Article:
If you are a new camera owner, you and have been following this series of blog posts by now you have realise that I’ve moved into the advance area of setting modes, without asking your to remember the exposure triangle or complex formula. You won’t totally escape, but it is just a brief overview here, and no test afterwards. This stuff is actually quiet straight forward, and it is much easier to understand when you apply it. I like this little infograph from Peta pixel because it includes a basic graphic representation of what happens with each setting.
Somewhere inside that triangle should be the perfect exposure for your scene but where? Setting the mode to A or S lets the camera change one or both the other sides of the triangle and aims for that best exposure. Tomorrow we will explore M mode which simply means you will have to make all these exposure settings yourself.
The other thing you probably noticed is there is no I (for ISO) on the mode dial. I’m pretty certain this a throw back to the film days when the ISO was dependant on the film in your camera and you got to set that when the film was loaded but that was that and the ISO setting stayed until you changed film. Each type of film and its development process produce different sensitivities to light for that combination. The ISO was written on the outside of the film packet. If you wanted a different sensitivity you had to buy a different film. These days on digital cameras the ISO can be changed electronically to let the sensor be more or less sensitive to light. In some cameras you get to change it to a single value, more recently most cameras let you set it to Auto within a given range and this lets the camera also flex the sensitivity.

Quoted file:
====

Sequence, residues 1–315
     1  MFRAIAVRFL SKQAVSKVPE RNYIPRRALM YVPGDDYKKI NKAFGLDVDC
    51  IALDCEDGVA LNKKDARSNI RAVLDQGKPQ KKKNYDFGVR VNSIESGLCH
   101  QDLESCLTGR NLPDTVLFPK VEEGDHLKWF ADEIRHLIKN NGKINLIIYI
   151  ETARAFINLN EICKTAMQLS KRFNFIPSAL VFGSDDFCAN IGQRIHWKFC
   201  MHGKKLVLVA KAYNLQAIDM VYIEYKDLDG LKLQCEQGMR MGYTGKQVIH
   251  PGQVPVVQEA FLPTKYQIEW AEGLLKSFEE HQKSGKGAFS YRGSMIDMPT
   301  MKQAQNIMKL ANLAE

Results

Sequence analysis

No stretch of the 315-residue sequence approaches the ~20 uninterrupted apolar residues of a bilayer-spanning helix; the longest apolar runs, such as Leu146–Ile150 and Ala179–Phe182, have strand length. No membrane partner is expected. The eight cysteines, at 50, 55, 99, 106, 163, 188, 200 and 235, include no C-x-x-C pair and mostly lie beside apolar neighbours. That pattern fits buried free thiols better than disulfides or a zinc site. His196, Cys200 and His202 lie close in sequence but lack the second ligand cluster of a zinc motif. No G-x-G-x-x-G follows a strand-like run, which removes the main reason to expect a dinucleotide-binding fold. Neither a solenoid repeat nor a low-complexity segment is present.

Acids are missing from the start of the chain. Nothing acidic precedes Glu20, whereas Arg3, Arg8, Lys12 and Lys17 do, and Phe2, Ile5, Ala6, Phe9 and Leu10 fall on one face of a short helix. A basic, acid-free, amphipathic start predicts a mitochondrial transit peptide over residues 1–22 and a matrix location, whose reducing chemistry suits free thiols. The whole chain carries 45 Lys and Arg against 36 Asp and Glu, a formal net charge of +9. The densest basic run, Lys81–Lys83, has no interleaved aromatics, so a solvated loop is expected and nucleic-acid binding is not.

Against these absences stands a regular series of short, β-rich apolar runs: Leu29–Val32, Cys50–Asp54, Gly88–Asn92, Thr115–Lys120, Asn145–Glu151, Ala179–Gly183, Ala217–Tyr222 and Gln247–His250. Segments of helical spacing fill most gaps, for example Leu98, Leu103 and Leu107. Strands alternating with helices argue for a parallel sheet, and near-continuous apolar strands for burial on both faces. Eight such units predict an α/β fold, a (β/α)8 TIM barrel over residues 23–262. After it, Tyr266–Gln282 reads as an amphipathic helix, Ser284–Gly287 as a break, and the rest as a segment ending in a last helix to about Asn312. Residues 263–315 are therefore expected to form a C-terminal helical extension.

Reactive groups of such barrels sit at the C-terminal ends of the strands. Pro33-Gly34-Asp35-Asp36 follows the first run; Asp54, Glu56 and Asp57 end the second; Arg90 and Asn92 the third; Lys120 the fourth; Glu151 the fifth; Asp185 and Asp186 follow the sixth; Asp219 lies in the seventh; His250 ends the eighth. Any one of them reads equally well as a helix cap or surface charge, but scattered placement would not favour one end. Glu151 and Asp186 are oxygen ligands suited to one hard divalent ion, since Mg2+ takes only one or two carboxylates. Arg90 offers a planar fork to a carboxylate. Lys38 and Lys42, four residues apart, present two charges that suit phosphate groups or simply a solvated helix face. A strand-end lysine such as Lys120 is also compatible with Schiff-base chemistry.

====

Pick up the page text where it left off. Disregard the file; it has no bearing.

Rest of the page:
There is a downside to higher ISO, in darker scenes which seem to demand higher ISO (and thus sensitivity) the darker shadows become subject to more noise (seen as a grain or an unpleasant spottiness). So staying with lower ISOs (setting your auto range 100 to 400) will probably be a good move when you are starting out, and you are not trying to take photos in dark rooms or alley ways. You can see am example of this noise in the shadow, of the flying duck photo in the earlier post, and look in the shadows behind the duck. You might have to click on the image to enlarge it. The noise is there because I had hit the maximum aperture of the kit lens I was using f4,6 and the low light meant the camera had to select ISO 5000 to get sufficient light at 1/2000th second. Normally I would have used a noise filter which would probably smooth this out nicely, but I am showing images straight from the camera (ok the duck photo where cropped) but otherwise not post processed